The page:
"My companies and I do not stand accused by any law enforcement agency of being involved, directly or indirectly, in the death of Sergei Magnitsky."
Efforts to reach Krit and Litvak through lawyers were not successful.
Regardless of what the report on the Magnitsky Act says, one thing is clear. Over the past four years Browder has made an extraordinary investment in the promotion of human rights in Russia.
His efforts raise the question - to what extent can one guy, armed with lots of fancy friends and a record as an investor, change the Russian way of doing business?
"You should ask that question to Khodorkovsky," said Masha Gessen, a journalist and the author of The Man Without a Face: The Unlikely Rise of Vladimir Putin.
She was referring to the former head of Yukos oil company, Mikhail Khodorkovsky, who has been held in a penal colony for more than a decade.
As Gessen and other activists know, it takes more than money and street smarts to change things in Moscow. One needs luck - and to be in the right place at the right time.
Browder was living in London when Russian officials began to crack down on his company. He is acutely aware of the fact that it was not he, but one of his lawyers, who paid the price for his efforts at institutional reform.
He is a British citizen - he gave up his US passport years ago. He still dresses like an American, though, and sometimes talks like one.
He wears loafers and loose-fitting jeans, not tight like a European. Over breakfast in Washington he spoke about the ability of officials to make rational decisions.
He said he believed government officials would follow "simple logic" when putting together their report on the Magnitsky Act.
It is a hopeful view. The real story of the bill, like most things in Washington, was hardly linear. To a certain extent the bill was passed because of his single-minded focus on the goal. The success also depended on politics and timing, and little of it was rational.
At breakfast he poured milk over a bowl of homemade granola - but not much milk, just a drizzle. While he can sound like an American, he acts like an ascetic who is devoted to justice.
It is a break from the stuff one hears in Washington, but also daunting. One is reminded that one's own life is ordinary, not to mention filled with compromises.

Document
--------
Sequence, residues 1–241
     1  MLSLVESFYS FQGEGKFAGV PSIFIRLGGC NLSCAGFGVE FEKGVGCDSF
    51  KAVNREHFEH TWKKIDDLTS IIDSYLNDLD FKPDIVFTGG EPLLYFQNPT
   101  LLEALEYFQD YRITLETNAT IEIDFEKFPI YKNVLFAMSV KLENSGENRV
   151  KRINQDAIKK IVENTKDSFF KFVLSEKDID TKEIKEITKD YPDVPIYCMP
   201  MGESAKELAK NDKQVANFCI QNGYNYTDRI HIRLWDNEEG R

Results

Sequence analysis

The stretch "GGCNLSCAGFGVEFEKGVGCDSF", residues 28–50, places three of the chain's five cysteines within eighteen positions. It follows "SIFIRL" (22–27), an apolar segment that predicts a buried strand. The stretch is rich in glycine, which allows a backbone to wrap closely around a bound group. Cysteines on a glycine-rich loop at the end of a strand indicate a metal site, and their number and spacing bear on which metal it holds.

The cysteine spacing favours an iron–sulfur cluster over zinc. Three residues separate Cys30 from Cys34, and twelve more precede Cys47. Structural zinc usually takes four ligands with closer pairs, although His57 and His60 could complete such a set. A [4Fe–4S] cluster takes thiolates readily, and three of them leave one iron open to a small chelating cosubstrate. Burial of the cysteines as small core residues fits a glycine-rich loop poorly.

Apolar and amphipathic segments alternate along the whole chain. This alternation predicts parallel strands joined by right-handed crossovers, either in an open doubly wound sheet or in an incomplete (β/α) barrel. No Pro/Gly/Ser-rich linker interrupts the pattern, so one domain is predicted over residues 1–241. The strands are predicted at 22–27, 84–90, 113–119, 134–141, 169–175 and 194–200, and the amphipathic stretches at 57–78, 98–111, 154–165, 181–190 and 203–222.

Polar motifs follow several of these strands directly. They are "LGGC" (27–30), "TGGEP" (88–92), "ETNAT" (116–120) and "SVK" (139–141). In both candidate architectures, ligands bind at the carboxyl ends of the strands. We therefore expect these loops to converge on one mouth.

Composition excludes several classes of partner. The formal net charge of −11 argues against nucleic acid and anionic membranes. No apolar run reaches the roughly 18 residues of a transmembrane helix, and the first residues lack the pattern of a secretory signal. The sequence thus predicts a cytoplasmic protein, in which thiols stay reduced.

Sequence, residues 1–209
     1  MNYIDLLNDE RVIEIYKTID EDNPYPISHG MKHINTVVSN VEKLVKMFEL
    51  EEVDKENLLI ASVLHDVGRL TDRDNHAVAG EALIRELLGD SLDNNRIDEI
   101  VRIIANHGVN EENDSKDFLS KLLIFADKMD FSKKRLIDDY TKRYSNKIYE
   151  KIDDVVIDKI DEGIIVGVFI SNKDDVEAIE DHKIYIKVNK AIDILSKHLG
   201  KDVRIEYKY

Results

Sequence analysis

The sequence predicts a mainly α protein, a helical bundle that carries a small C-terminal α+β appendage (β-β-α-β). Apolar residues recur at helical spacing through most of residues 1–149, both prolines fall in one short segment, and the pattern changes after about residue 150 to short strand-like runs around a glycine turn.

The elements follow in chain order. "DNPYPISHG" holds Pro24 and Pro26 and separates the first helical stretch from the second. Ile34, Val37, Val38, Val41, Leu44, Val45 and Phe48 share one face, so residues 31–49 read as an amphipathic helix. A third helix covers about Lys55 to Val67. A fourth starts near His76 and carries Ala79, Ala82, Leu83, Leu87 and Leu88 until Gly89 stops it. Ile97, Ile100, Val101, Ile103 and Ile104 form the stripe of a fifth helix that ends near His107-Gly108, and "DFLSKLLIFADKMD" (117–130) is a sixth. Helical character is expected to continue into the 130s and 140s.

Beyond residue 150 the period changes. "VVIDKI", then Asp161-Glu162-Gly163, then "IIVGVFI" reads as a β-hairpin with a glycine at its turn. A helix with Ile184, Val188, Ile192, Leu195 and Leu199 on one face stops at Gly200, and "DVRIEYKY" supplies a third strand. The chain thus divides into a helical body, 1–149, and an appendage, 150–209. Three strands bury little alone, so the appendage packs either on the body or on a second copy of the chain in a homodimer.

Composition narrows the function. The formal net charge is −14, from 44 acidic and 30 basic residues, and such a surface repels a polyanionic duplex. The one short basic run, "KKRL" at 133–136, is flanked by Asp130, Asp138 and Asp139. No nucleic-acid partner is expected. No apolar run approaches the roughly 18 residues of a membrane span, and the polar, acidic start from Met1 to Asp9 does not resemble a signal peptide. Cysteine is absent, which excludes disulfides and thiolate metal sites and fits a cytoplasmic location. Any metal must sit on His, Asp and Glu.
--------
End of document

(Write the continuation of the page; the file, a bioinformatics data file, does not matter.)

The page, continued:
He grew up on the south side of Chicago. His grandfather, Earl, was the general secretary of the American Communist Party from 1932-45. His father, Felix, was born in Moscow and later became chairman of the mathematics department at the University of Chicago.
His father, who amassed a personal library of 35,000 books, hung out with Saul Bellow and other writers. Browder wanted to make money.
"I was the black sheep of the family," he said. "I reacted to my communist family by becoming a capitalist."
He graduated from Stanford in 1989, the year the Berlin wall came down, and moved to London. He began to put money into state industries being privatised in Poland. In 1996 he founded Hermitage with $25m and invested in Russia's national gas company.
True to his populist roots, although in a hedge fund-manager kind of way, he worked hard to root out corruption. It was a good business plan, and within a decade Hermitage was worth $4.5bn.
He was helped along by Magnitsky, a specialist in tax law at a firm called Firestone Duncan, and others in Moscow. "Most of the stuff he did was administrative stuff - mundane stuff," said Browder. "But that's what he was good at."
In June 2007 Russian authorities raided the offices of Hermitage and Firestone Duncan. They loaded up vans with hard drives, corporate stamps and official charters and drove away.
Magnitsky looked into the case and claimed that Russian officials had used the documents and seals in order to embezzle $230 million from the Russian treasury.
"He was just doing his job," said Browder.
Magnitsky testified before law enforcement authorities about what he had found. In turn Russian authorities claimed that Browder owed back taxes. They opened a criminal case against Magnitsky and other lawyers who worked for him.
"I asked them to come to London at my expense," Browder said. Most accepted the offer. Yet Magnitsky, who was married and had two children, baulked. "He said, 'I have not broken any law,'" recalled Browder.
Magnitsky believed that things in Russia had changed - and that Browder and others were too pessimistic. "You watch too many movies," he told a colleague in Moscow. "This isn't the 1930s."
Not long afterwards Magnitsky was placed in a detention centre. He fell into a bureaucratic system that was like the Russian gulag, said Browder.
"At breakfast we get porridge with insect larvae," Magnitsky said in one of his neatly-written complaints - there are 450 - that he filed with authorities. "At dinner - rotten boiled herring."
"I have seen rats running along the corridors," he wrote. "At night you can hear them squeaking."